Bulldog Vlog Episode # 6 Experiential v. Gue

Bulldog Mobile Billboards founder / president Rod Collins discusses differences between operating a campaign from an Experiential Marketing v. a Guerrilla Marketing strategy.
Bulldog Mobile Billboards
Bulldog Mobile Billboards
DALLAS - July 22, 2015 - PRLog -- Good afternoon and welcome to the Bulldog Vlog Episode Number 6. Happy Father's Day, everybody. That's the late great Bakon the bulldog and I'm Rod Collins and I'm bringing you the Bulldog Vlog from Bulldog Mobile Billboards.

         So today I'm going to talk about something that's often discussed and that's guerrilla marketing versus experiential marketing. I'm going to talk about some of the differences, got some pros and cons written for each and I'll start with the pros and cons of guerrilla marketing. Guerrilla marketing can be inexpensive, it's easy to plan, you're able to react to the environment quickly.  I'll talk about all this in a minute. Some of the cons of guerrilla marketing are there's a chance of wasting time and money as plans can go wrong. And if you put all your eggs in one basket, that can be a no bueno for guerrilla marketing.

         Now, with experiential marketing, you're able to plan out a slick, impactful production. You can have professional marketing teams do strategy, branding, permitting, logistics, social media and PR.    You can invite bloggers to the activation, planning everything together. You can really plan soup to nuts for an experiential campaign because you know you're going to be in one place for the entire day or one place for the entire day for an entire tour. You can plan each city’s campaign in a tour around the entire country if you like. Some of the cons of experiential are it takes time, money and effort to pull off these kinds of plans. It can quickly become expensive and even though you're planning all the logistics, you still might have to react to your environment.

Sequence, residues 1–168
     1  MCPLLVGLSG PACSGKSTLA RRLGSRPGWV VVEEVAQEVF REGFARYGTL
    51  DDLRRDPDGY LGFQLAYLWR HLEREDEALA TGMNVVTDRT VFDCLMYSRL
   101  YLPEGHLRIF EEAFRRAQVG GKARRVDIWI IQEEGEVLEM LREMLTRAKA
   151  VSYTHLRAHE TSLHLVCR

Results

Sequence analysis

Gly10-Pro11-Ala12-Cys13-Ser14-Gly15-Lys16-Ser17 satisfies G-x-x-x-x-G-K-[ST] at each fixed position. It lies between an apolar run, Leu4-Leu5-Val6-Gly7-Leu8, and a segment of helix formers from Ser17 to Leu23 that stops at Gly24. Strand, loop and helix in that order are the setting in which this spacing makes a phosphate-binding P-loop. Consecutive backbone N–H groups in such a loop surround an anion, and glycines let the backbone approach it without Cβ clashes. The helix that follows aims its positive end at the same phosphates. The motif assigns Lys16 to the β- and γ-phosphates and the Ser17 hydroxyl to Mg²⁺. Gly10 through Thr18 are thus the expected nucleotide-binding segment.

The kinds of things that can go wrong with the guerrilla marketing program is you might be asked to move on down the road. You don't have permission to be in that particular location, if you don't have permission to be on the campus or on the property say of an NFL game, you're going to be asked to move. Raise your hand, bulldog guys. How many people watching this vlog have been asked to move in a guerrilla program? Well, if you have an experiential program, the primary difference is you have permission. You probably purchased your permission in the form of a permit or in the form of a sponsorship.

         Now, there's still some challenges when you have a permit. You might have a permit to be on a particular block on a New York City street where the city has given you the signs the night before to post that say no parking the following day. You show up to find there's a vehicle parked in your spot. There's a resolution to this. The resolution is you have the police help you move those vehicles and you can literally have them towed  at their expense if they aren't there to move those vehicles because you paid handsomely to be in that particular spot of New York City streets.